His career numbers as an Indian indicate that he was well above average but they don’t stand up in comparison to a lot of other players throughout the franchise’s history. So what has led me to believe in the legend that was Rocky Colavito? Well, it’s a twofold answer.
First off, Colavito isn’t working on a level playing field with some of the players who accumulated bigger and better stats. One would hope that a player with 1,000, 2,000 or even 3,000 more plate appearances than Colavito would accumulate greater counting numbers. Such is the case in a lot of instances. Does anyone believe that Travis Hafner was a more prolific home run hitter than Colavito, or did he benefit from 4,413 plate appearances to Colavito’s 3,700?
If the Indians had never traded Colavito to the Tigers in 1960, the team’s records may look substantially different. If Colavito had accumulated his four seasons’ worth of Tiger statistics and one year of A’s statistics as an Indian, he would have finished with 363 home runs and 1,106 RBI, good enough to sit comfortably in first and second on the Indians all-time lists, respectively. How differently would we view Colavito under those circumstances? He’d be one of if not the greatest Indians’ hitter of all-time.
In terms of wins above replacement, Colavito’s cumulative 57.1 fWAR during that time frame would bump him up from 22nd to fourth on the Indians’ all-time fWAR list. The only three players that would have been ahead of him under those circumstances would be Tris Speaker (80.3 fWAR), Nap Lajoie (78.7 fWAR), and Lou Boudreau (68 fWAR). Colavito’s 57.1 fWAR would place him directly ahead of Earl Averill (54.2 fWAR), Larry Doby (49.2 fWAR) and Jim Thome (48 fWAR). That’s not bad company.
The other factor to take into consideration is that Colavito was doing what he was doing 30 years prior to the dawn of the steroid era. He was a prolific home run-hitting machine during an era when home run hitters weren’t a dime a dozen. The level of health and consistency with which Colavito performed was also astounding considering he didn’t have the benefit of advanced training techniques, medical know how or scientifically engineered aids.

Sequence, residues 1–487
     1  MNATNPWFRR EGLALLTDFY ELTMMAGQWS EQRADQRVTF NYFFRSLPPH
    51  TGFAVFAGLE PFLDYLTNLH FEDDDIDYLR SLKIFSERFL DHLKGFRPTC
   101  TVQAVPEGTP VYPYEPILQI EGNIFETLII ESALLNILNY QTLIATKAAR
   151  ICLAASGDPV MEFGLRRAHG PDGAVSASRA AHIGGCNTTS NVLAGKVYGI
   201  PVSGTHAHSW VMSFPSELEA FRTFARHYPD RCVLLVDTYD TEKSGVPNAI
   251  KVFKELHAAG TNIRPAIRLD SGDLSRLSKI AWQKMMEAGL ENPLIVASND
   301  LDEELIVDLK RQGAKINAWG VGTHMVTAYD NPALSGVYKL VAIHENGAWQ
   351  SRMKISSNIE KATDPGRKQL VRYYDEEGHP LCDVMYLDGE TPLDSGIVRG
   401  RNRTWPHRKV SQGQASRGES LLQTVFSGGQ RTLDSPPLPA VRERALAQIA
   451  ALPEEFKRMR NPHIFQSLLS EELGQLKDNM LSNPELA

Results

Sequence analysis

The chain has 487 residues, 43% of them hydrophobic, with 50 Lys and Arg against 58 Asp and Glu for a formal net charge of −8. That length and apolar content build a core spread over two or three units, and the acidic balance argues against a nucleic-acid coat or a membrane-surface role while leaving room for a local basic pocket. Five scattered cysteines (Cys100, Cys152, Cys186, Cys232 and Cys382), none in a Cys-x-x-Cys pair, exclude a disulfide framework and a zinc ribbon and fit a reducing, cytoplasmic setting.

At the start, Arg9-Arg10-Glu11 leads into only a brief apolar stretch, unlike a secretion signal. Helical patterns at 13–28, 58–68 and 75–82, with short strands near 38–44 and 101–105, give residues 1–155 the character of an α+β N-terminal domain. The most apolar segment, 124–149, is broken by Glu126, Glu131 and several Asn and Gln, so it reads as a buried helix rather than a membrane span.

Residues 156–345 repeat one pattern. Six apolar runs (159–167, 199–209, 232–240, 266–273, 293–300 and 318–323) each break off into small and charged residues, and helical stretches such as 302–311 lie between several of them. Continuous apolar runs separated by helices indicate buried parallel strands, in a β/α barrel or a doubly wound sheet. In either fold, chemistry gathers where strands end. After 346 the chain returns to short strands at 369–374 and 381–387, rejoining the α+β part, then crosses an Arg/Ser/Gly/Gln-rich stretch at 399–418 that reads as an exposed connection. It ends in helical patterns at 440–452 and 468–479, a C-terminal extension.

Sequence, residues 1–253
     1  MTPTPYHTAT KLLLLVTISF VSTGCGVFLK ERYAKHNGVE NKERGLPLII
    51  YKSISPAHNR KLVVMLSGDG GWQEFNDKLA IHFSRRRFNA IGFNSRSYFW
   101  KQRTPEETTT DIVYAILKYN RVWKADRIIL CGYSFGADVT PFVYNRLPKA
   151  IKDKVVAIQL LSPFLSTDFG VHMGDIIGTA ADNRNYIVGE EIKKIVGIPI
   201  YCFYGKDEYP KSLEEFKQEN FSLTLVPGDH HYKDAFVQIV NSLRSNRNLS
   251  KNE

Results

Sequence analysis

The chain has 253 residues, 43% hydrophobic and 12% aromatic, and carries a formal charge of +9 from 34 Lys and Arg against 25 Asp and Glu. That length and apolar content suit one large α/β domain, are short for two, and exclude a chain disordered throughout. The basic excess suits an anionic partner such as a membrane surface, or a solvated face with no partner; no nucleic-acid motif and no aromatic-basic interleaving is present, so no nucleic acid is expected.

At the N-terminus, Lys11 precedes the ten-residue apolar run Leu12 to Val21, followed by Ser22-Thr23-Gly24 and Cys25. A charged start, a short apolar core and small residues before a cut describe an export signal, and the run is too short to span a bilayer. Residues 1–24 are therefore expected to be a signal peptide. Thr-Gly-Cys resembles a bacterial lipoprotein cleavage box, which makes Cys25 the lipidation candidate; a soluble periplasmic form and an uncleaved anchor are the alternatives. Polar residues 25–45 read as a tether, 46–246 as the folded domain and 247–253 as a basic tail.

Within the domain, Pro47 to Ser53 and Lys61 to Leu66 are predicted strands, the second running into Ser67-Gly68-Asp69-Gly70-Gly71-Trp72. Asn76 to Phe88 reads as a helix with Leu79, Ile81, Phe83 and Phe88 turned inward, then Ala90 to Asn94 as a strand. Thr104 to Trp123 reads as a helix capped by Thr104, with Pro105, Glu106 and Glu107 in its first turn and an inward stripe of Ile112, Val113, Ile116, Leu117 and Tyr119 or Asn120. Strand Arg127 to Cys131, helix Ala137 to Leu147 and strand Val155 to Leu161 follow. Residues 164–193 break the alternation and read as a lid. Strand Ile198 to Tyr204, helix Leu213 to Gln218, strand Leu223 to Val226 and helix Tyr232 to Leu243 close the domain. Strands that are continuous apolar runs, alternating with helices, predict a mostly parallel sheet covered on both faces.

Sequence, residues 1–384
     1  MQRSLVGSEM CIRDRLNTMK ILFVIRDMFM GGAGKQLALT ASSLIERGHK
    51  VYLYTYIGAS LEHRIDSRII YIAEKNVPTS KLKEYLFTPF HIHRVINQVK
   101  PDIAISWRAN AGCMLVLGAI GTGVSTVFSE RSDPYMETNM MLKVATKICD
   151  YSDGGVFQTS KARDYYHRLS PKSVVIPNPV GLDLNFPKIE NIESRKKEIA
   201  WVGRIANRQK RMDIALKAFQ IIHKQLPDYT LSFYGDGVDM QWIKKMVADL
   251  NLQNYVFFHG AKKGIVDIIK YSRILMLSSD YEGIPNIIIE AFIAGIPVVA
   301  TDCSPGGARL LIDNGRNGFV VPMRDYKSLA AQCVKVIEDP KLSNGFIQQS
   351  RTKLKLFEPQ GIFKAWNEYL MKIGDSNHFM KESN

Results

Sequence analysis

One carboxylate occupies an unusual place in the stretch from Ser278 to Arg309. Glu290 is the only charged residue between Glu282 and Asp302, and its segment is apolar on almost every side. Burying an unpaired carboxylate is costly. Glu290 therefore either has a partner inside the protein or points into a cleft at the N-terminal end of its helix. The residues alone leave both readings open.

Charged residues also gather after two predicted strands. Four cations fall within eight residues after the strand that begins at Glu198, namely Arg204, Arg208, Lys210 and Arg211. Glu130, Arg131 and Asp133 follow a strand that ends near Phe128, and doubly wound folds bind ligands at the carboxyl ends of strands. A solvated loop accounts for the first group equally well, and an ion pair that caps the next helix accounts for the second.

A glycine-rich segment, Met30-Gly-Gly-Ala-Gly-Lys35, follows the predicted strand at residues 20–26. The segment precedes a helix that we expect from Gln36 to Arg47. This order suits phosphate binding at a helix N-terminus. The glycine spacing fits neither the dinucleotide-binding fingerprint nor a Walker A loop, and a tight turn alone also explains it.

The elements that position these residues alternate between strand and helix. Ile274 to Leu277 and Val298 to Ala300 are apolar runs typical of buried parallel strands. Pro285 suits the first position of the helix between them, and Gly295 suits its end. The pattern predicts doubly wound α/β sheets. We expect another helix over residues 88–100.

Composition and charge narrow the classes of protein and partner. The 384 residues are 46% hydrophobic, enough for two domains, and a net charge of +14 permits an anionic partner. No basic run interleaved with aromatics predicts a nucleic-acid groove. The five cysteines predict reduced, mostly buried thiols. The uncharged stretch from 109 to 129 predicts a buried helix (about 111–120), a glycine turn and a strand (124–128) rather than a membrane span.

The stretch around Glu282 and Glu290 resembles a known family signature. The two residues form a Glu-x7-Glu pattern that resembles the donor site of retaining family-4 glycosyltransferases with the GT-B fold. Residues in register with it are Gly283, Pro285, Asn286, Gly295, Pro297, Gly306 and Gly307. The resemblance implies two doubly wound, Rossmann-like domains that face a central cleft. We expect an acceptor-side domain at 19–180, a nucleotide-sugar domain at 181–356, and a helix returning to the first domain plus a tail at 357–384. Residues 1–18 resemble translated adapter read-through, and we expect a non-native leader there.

So why isn’t Rocky Colavito not held in higher regard when it comes to the Indians? Why has he not gotten his proper due in terms of recognition from a team he spent the better part of eight seasons playing for? Why is his name not listed with Feller, Averill, Boudreau, Doby, Harder, and Lemon? This seems unfair; that the only regular recognition he receives from anyone is his name attached to a fluky curse.
I fully believe that Rocky Colavito was a premier player and deserves a better place in Cleveland Indians lore than the one he currently holds. Why should his legacy be ignored because of the mistakes of general manager Frank Lane? Meanwhile, we continue to hold other players in higher esteem that through their own choosing opted to leave Cleveland for bigger and better things. Unfortunately, until people begin seeing Colavito as the great player he was and not simply as a legend or part of local folklore he may never get the credit he deserves.
And maybe, just maybe, that’s the real “Curse of Rocky Colavito.”